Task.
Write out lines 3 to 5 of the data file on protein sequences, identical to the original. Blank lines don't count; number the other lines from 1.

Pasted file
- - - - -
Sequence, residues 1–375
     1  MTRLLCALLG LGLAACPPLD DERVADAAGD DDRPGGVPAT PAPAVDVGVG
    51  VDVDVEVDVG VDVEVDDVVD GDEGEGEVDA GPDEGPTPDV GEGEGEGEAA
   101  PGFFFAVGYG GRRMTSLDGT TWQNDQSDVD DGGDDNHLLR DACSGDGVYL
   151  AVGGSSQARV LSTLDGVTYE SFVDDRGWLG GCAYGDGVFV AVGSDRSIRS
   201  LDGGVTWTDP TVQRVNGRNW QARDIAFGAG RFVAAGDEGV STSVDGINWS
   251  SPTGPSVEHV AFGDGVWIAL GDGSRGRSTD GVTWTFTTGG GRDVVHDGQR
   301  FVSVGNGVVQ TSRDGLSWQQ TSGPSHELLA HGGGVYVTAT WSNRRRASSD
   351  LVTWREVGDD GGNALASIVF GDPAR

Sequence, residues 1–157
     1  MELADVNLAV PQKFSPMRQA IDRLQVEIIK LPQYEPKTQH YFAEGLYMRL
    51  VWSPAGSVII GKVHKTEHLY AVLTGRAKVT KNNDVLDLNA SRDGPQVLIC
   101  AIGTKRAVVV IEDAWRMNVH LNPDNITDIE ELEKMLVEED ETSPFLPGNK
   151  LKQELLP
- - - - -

    51  VDVDVEVDVG VDVEVDDVVD GDEGEGEVDA GPDEGPTPDV GEGEGEGEAA
   101  PGFFFAVGYG GRRMTSLDGT TWQNDQSDVD DGGDDNHLLR DACSGDGVYL
   151  AVGGSSQARV LSTLDGVTYE SFVDDRGWLG GCAYGDGVFV AVGSDRSIRS